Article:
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A guide to help the average man... look less average

Filtering by Tag: watches

Omega Speedmaster Professional

Mark Kwak

Source: Omega

Source: Omega

Anyone who knows me, even a little, knows that I'm a huge fan of watches. I've bought, traded, sold, owned, and toyed with too many to count. By the way, tread carefully with watches. It's a fun and exciting world, but frankly a dangerous place for your wallet to be.

Out of all of the watches I've tirelessly researched, seen, or owned, I think there are only four or five that I consider among the pantheon of timepieces. One of these is the Omega Speedmaster Professional, the first watch to be worn on the moon. I actually owned this watch several years ago, but regretfully (oh so regretfully...) sold it during an employment transition in my life.

Source: Watchuseek

Source: Watchuseek

I won't go into all the details around this watch's history, as you can find that info littered all over the web, but I will give you my take on this watch. Long story short, it's a beautiful and amazing watch, but one that will require some patience and hand-holding. Let me explain why.

The Speedmaster Professional is an older watch. It's rock-solid in construction and reliability (hell, it was used to guide Neil Armstrong and Buzz Aldrin on the moon, surely it can guide me) but it isn't necessarily a modern watch. By that, I mean it isn't the king of accuracy (could be off by upwards of +/- 10 seconds a day), doesn't have a scratch-proof face, and requires you to manually wind it every other day to keep it running.

And so the question arises- why in the world would you want a watch like that when there are perfectly accurate, low maintenance, highly durable watches out there for no where near the $4k this timepiece demands? I'll tell you why. Because it's beautiful, it has a rich history, it gives you tangible ritualistic satisfaction every time you wind it, will last generations, and is among the most iconic timepieces of all time. This is a watch you can proudly gift to your son on his 18th birthday.

Source: Omega Forums

Source: Omega Forums

God, look at that thing on a leather strap... mesmerizing.

Luxury watches are interesting, some people will never understand why one would shell out thousands of dollars for something you can easily substitute for $20. Again, I won't go into that rabbit hole in this post, but I will say that if you are convinced that luxury watches are worth it, the Omega Speedmaster Professional is one I would highly recommend. It's a classic watch that isn't going anywhere anytime soon.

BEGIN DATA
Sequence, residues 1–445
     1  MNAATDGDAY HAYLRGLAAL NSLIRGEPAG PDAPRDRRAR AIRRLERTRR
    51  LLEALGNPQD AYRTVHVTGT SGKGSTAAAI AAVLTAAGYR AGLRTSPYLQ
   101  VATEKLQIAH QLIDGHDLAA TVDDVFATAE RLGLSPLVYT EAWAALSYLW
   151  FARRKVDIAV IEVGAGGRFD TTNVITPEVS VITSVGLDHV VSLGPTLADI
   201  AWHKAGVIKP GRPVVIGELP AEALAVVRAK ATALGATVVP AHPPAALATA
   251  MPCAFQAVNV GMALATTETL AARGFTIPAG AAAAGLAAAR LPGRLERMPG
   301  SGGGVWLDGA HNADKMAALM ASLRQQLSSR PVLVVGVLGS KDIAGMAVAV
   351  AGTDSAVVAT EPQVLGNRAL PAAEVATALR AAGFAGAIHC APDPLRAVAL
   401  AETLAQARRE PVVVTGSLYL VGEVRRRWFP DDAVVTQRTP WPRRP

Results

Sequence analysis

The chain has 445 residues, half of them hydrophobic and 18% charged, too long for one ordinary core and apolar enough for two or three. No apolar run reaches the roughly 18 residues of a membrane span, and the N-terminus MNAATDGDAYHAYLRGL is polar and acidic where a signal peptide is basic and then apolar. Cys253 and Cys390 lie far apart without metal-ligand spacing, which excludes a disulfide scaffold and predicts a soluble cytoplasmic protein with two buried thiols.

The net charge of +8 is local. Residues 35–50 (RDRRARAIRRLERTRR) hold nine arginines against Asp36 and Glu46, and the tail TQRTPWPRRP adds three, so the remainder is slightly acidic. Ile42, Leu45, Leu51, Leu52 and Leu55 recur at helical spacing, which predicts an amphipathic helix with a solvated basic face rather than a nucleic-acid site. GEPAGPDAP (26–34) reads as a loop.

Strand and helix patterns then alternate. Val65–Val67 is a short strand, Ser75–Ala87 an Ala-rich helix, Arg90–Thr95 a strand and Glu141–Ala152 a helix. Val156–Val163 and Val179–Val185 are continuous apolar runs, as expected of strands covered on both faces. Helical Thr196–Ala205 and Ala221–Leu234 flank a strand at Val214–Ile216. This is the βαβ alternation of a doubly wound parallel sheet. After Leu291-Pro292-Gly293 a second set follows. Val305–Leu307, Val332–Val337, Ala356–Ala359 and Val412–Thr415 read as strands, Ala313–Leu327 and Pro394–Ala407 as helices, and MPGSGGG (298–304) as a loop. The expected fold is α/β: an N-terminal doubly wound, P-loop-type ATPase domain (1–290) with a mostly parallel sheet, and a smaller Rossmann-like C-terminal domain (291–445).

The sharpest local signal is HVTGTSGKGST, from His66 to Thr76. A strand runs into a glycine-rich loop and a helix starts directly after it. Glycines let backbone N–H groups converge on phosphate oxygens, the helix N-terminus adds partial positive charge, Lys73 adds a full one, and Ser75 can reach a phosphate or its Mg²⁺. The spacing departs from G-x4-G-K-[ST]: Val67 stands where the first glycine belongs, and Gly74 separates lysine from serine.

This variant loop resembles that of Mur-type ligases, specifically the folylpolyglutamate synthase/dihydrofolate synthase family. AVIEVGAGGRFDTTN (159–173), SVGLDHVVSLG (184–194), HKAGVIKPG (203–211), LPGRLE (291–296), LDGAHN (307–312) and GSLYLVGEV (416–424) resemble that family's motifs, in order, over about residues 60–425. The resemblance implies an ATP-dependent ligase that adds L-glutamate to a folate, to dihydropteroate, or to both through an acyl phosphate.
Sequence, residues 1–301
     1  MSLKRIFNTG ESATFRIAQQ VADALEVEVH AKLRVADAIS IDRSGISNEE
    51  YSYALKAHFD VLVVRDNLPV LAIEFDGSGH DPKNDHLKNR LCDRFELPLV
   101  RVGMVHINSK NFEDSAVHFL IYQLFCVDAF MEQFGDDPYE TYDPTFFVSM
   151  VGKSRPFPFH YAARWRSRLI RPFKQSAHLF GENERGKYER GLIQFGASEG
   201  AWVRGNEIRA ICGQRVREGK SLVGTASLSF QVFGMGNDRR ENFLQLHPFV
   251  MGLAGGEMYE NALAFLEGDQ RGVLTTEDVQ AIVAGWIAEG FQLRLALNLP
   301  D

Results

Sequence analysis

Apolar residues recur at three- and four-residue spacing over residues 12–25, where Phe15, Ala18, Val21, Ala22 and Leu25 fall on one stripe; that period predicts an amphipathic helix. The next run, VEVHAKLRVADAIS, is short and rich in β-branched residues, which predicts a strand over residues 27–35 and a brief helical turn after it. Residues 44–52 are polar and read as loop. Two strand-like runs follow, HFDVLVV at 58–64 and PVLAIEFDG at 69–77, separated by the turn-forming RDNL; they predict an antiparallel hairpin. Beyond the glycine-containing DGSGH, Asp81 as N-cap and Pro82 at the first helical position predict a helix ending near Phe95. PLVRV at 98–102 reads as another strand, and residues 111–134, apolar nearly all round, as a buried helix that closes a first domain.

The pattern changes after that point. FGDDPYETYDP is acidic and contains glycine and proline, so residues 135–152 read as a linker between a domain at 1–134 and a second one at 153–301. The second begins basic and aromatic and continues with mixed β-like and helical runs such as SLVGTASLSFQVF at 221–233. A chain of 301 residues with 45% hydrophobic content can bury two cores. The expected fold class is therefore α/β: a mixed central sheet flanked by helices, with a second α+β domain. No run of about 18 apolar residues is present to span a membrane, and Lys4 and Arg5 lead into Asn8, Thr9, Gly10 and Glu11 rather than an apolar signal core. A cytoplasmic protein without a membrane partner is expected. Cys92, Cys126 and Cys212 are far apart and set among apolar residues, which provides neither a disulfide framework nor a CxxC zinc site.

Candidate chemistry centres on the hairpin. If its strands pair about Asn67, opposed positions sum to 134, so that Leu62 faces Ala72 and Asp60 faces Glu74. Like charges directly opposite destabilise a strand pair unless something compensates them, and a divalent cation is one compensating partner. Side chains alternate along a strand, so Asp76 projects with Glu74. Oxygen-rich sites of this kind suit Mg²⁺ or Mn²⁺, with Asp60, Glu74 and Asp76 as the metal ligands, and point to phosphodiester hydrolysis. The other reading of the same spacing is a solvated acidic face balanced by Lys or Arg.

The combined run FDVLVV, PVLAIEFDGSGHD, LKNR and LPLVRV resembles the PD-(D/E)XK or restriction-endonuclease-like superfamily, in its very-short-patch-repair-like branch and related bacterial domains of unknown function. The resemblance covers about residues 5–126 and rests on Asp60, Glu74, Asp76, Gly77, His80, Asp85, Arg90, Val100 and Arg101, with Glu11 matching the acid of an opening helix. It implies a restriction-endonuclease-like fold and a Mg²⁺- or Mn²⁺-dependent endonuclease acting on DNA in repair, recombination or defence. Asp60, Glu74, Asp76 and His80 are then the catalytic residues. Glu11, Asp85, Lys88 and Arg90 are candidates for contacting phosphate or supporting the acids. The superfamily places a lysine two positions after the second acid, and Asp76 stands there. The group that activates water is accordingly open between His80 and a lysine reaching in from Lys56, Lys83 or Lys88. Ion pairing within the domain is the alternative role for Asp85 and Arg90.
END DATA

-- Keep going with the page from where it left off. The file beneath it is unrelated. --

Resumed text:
Source: Watchuseek

Source: Watchuseek

Some tips in case you're thinking about it:

1. Buy used, the cost goes down quite substantially when you're buying used, and this watch hasn't been changed in spec for many, many years. Probably will never change.

2. There are a lot of Speedmasters out there now. Some with sapphire faces, some with white sub-dials, some with automatic movements... If you want the classic, get the 3570.50 model. That's my choice.

3. Service this watch. I think this watch needs to be professionally serviced every 5-6 years, so just keep that in mind, especially when buying used.

4. If you get the classic Speedmaster Professional, get some Polywatch. It'll help you remove any scuffs or scratches from the glass.

5. This watch comes on a metal strap. Purchase it that way. Then buy an aftermarket leather strap for it, as it looks great on both steel and leather.

Okay, enough writing about this; makes me want to go out and re-buy this watch. Hmm maybe I will.


The Wristwatch - Part 2

Mark Kwak

Ages & ages ago, I wrote a fairly long post about wristwatches. It was originally supposed to be part of a 3-part series, but as many of you may know, I'm a lot worse at keeping up with these things than I hope to be. Sorry! Well, today I aim to continue that series... better late than never right? Just to recap, the last post was about answering the question: what do I need a watch for?

Today is question #2: Which watch should I get? A loaded question if there ever was one.

There are many different types of wristwatches out in the market today. In fact, it's a bit ridiculous how many different styles there are to choose from. Think about it: small, big, dark, bright, on steel, on leather, square, rectangle, gold... you get the point.

Well to me, I think the question of "which watch to get" depends on several factors.

1. How many watches do you intend to have?

2. What is your lifestyle like?

3. How much are you willing to pay?

These three questions will shape what watch you could/should end up with if you ever decide to buy one. So let's venture a bit through these questions.

1. How many watches do you intend to have?